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London drilling company Ensco PLC (ESV) is buying rival Pride International Inc. (PDE) rather than ordering its own new drilling rigs in order to gain access to the Texas company's employees and customer base, Ensco Chief Executive Dan Rabun said.
"It's easy to order rigs; it's little tougher to contract them and operate them," Rabun said Monday during a conference call discuss Ensco's planned $7.3 billion acquisition of Pride. "This is clearly about access to assets, access to people and access to markets and customers, which just ordering and new-building does not necessarily give you."
In the deal announced Monday, Pride International shareholders will receive a combination of new Ensco shares and cash that amounts to $41.60 for each Pride share they own--a 21% premium over the stock's Friday closing price.
Pride International shares surged 15.88% to $39.85 in Monday trading. Meanwhile, Ensco's stock fell 4.45% to $51.99.
The companies expect the merger to close early in the second quarter.
The resulting company will become the world's second-largest offshore-drilling contractor with a fleet of 74 rigs, second to Transocean Ltd. (RIG, RIGN.VX) and its 138 rigs. The new enterprise will have an enterprise value of $16 billion and a contract backlog of about $10 billion.
The merger also will create what will be the second-youngest and largest deep-water fleet in the world, said Pride Chief Executive Louis Raspino. The new company will boast 21 deep-water rigs with an average age of seven years.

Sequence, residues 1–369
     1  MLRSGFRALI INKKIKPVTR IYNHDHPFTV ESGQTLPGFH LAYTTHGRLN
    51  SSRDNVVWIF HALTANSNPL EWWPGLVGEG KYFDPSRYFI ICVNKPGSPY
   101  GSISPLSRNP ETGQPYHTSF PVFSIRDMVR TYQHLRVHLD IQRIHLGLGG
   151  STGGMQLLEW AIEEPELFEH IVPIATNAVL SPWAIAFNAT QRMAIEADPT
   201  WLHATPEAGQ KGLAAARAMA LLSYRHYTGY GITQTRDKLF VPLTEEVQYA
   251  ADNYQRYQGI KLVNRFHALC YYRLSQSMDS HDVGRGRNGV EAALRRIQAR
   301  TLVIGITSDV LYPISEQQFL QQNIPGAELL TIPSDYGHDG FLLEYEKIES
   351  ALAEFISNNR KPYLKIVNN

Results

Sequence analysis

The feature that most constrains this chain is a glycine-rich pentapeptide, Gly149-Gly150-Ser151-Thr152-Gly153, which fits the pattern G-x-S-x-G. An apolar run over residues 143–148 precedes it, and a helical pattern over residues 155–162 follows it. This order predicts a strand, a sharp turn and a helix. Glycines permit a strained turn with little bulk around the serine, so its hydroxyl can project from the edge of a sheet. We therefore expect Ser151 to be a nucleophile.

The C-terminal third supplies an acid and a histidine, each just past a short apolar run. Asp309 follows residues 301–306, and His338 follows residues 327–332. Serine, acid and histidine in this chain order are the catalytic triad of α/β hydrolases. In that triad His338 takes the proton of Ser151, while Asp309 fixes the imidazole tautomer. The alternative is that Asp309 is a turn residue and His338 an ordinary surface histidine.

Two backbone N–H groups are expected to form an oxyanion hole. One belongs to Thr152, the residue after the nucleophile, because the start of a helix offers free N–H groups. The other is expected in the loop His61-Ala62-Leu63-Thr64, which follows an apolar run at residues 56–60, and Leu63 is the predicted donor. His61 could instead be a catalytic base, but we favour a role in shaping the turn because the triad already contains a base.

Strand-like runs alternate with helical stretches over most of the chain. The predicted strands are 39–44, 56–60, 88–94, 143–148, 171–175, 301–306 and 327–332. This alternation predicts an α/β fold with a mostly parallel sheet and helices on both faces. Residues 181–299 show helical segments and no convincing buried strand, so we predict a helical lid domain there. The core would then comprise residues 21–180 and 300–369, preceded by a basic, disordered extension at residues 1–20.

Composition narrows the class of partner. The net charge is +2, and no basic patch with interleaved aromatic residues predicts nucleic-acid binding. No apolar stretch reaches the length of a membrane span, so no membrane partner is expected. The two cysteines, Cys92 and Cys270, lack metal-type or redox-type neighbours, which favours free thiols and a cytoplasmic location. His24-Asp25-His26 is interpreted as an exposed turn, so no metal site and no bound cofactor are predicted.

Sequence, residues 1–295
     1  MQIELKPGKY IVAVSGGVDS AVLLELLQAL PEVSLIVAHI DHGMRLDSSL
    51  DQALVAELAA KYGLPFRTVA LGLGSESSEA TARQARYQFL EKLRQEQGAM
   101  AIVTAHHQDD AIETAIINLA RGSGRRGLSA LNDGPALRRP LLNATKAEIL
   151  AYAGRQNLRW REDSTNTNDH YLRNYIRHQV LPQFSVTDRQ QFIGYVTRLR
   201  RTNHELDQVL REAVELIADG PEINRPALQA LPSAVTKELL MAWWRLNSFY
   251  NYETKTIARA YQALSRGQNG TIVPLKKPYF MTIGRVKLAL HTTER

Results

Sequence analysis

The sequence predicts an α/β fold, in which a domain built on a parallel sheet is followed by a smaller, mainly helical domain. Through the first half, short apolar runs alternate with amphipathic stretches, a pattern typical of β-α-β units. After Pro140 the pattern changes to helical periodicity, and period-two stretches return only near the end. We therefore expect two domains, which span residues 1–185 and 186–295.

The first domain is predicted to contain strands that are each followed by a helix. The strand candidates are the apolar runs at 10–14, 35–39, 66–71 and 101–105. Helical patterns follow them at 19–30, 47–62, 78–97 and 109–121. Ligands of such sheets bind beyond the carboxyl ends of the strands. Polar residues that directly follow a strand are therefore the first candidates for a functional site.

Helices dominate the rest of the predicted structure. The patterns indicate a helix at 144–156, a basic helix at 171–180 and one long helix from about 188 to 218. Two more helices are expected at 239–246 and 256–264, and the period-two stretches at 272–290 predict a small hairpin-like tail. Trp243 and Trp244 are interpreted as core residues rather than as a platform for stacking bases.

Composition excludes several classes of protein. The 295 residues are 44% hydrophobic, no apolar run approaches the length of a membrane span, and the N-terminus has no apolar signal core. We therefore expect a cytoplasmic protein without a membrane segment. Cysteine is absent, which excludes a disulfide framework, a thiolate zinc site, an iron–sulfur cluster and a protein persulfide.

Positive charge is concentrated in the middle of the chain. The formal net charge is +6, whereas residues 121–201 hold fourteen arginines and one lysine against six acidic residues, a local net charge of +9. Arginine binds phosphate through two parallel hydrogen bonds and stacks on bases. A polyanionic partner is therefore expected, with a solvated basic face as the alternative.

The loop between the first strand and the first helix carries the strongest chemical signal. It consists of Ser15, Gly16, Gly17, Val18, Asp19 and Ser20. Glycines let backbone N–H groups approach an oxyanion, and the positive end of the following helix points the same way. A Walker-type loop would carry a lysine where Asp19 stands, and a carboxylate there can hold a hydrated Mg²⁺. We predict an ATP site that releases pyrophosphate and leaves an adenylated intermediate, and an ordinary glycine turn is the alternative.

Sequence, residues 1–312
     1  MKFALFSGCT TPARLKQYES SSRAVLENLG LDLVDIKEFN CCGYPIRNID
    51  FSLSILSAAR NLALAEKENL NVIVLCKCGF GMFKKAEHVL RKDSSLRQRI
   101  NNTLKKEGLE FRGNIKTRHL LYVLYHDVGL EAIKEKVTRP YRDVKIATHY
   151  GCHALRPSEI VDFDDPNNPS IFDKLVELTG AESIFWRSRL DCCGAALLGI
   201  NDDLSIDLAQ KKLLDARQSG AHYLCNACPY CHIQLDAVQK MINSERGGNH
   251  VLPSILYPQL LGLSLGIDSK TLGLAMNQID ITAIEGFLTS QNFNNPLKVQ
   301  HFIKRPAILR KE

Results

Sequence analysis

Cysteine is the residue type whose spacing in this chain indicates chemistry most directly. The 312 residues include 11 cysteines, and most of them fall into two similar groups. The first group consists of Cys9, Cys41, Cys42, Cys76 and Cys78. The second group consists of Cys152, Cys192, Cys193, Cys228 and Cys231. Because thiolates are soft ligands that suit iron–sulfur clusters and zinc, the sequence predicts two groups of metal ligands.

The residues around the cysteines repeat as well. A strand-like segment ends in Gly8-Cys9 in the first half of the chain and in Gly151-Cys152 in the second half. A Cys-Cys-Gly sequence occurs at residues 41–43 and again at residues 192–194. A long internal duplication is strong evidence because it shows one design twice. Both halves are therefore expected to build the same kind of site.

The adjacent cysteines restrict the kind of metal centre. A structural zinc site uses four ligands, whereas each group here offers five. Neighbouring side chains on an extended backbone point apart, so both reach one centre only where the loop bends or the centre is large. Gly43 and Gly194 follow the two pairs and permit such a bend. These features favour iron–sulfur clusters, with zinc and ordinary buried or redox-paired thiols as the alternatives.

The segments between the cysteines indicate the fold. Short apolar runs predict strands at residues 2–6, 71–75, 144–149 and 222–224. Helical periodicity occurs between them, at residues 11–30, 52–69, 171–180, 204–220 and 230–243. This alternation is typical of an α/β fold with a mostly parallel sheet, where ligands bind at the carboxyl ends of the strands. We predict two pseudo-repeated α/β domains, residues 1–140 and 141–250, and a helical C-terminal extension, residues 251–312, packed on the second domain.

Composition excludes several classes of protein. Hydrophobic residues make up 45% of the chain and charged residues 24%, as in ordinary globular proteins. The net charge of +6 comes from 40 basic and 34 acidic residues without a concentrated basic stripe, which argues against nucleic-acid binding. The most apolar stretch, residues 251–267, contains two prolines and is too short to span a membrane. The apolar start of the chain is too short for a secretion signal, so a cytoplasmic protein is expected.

Pride has been aggressive in adding new ultra-deep-water drill ships in the last five years, having ordered five, with an option to build a sixth. Those drill ships command day rates that often exceed $500,000 and are capable of drilling in up to 12,000 feet of water--more than twice the depth at which Transocean's Deepwater Horizon was drilling when it exploded in the Gulf of Mexico and unleashed the largest marine oil spill in U.S. history.
Rabun said Ensco has "no intention" of selling assets to reduce debt related to the acquisition and that the new company will continue to look to update its fleet. "We will clearly have the capacity to reinvest in the business," he said.
The executives said the most compelling reason to combine their companies was that they seldom compete for business in offshore basins, with each company having strong positions where the other is weak or absent.
"The strategic fit in terms of geographic reach is remarkable with minimal overlap," Rabun said.
Pride will bring to Ensco its "extensive operating experience" in Brazil and West Africa, two of the fastest growing deep-water markets. Meanwhile, Ensco will now be able to market Pride's ultra-deep-water drill ships in markets where Ensco holds a significant position, including Europe, Mexico and the Pacific, Rabun said.
-By Ryan Dezember, Dow Jones Newswires; 713-560-6670; Ryan.Dezember@dowjones.com